NMSHSA data shows that there are about 4.5 million farm workers and their families in the U.S. Forty-two percent of these workers are migrants, meaning they travel significant distances to work for different agricultural employers. Department of Labor statistics indicate that most farm workers earn between $10,000 and $12,000 a year, with no health benefits. The majority of such workers, studies have shown, are Latino.
"Our program is committed to ensuring that their youngest kids have a safe early learning environment," said Rodriguez, whose parents once worked in the fields. Migrant families are sometimes forced by circumstances to make harsh choices about child care, Rodriguez explained, including leaving young children in the care of an older sibling, leaving them alone in a vehicle, or sometimes bringing them along to work.
Migrant Head Start offers services to over 32,000 students, with a focus on their educational, health, nutrition, and social needs. It differs from other Head Start programs because it includes a requirement that families be working in order to qualify for services. "No one can say that these families are getting a free handout," Rodriguez said. "These are working people."
Migrant Head Start also requires parental involvement.
Most funding for Migrant Head Start comes from the federal government (80 percent), with the remainder picked up by local communities (20 percent). Under the Plyler doctrine - the Supreme Court case that established that all children have a right to public education - Migrant Head Start serves children regardless of immigration status.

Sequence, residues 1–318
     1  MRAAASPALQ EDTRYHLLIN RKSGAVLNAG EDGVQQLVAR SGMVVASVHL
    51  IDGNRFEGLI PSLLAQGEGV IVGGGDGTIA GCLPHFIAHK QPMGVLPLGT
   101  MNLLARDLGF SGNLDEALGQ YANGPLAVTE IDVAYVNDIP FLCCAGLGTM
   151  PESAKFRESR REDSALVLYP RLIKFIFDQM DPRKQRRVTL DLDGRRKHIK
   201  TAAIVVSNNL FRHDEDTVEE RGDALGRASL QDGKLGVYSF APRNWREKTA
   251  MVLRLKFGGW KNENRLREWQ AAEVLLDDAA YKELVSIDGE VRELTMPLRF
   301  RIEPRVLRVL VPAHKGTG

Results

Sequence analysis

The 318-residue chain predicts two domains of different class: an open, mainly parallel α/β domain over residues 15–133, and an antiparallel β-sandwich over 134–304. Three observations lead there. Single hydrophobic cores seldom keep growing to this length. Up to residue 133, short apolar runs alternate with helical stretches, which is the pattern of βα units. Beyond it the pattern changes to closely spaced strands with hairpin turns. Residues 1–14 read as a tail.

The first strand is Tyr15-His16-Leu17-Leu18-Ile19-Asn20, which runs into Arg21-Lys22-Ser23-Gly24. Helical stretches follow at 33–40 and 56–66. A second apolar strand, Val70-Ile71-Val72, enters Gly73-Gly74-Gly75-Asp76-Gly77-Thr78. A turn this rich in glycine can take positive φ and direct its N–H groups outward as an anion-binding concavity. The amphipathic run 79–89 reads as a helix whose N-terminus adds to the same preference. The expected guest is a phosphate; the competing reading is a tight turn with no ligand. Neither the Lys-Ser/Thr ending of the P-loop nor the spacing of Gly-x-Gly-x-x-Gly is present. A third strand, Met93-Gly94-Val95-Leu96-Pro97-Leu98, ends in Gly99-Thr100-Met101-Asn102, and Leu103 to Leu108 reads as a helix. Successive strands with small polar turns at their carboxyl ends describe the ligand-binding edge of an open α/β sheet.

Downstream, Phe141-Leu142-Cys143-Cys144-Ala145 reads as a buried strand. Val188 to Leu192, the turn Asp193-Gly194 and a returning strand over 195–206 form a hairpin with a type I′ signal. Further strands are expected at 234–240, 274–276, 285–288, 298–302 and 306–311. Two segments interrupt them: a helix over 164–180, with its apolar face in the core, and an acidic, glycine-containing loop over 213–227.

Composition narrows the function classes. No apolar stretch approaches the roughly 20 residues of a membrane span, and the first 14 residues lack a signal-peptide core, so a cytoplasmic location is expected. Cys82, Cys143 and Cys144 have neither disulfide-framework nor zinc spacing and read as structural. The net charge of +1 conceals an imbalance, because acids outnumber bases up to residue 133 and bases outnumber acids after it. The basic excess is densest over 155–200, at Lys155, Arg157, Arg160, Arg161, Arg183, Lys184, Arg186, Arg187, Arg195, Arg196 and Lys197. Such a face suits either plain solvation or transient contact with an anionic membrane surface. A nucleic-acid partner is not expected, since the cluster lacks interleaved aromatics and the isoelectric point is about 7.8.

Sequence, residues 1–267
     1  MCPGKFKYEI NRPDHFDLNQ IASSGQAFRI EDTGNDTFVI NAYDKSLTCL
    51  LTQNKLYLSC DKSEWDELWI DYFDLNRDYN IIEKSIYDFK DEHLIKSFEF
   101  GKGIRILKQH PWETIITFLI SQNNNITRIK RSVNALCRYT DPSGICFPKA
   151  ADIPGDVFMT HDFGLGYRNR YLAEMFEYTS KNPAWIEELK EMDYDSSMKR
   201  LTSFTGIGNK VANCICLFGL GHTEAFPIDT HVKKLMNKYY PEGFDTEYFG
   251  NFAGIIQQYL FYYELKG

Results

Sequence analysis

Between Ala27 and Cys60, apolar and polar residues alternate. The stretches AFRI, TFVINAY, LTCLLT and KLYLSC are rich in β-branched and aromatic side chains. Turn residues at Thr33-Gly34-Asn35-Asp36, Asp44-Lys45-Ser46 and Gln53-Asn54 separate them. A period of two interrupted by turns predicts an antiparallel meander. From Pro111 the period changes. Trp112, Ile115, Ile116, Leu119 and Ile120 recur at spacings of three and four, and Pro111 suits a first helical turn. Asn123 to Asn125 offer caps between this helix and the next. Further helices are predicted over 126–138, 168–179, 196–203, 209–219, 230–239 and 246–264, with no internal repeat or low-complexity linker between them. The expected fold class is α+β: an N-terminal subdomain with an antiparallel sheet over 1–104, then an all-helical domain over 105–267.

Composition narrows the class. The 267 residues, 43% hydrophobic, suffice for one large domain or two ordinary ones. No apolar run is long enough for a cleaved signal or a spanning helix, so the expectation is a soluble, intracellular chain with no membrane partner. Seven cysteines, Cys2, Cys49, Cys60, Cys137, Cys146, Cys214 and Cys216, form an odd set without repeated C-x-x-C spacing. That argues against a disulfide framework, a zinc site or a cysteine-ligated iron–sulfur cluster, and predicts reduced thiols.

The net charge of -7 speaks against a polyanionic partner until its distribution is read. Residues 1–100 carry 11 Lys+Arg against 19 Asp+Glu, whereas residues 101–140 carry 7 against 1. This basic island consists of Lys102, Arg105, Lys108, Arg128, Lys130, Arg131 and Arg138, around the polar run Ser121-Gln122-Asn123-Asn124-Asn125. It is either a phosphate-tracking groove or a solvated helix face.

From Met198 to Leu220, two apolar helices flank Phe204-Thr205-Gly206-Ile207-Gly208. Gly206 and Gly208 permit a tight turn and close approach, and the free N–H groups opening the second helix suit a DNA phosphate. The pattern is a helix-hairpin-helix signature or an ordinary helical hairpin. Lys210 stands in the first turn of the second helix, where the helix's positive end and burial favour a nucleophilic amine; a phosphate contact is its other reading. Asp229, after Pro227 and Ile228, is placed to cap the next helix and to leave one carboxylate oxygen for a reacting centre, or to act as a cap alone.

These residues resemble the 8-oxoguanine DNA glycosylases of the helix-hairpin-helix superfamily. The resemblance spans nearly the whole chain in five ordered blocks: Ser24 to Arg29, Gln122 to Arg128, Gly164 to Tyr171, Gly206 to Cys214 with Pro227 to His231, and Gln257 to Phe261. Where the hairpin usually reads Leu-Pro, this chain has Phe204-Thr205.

Still, it is at times difficult for Migrant Head Start workers to convince undocumented parents to engage with a government program, even one that helps their children.
Rodriguez is aware that funding and support for Migrant Head Start could be different under the Trump administration. "We are going to really build our case," he said. "It will be a challenge, but we are ready for it."
One migrant parent, "Lety" (she requested that her last name not be used) told NBC News in Spanish that the Migrant Head Start program was "excellent."
The mother of five children, Lety said, "There are different classes, they learn numbers, their ABCs, all kinds of things. It was important to me that I knew that they wouldn't fall behind once they started regular school."
Lety, who works picking peppers and lettuce in New Jersey, said that she wants her kids to have the chance to study and perhaps become teachers, lawyers or doctors. She wants them to have "un trabajo mejor que el mío; a job that is better than mine," and is grateful for the Migrant Head Start program.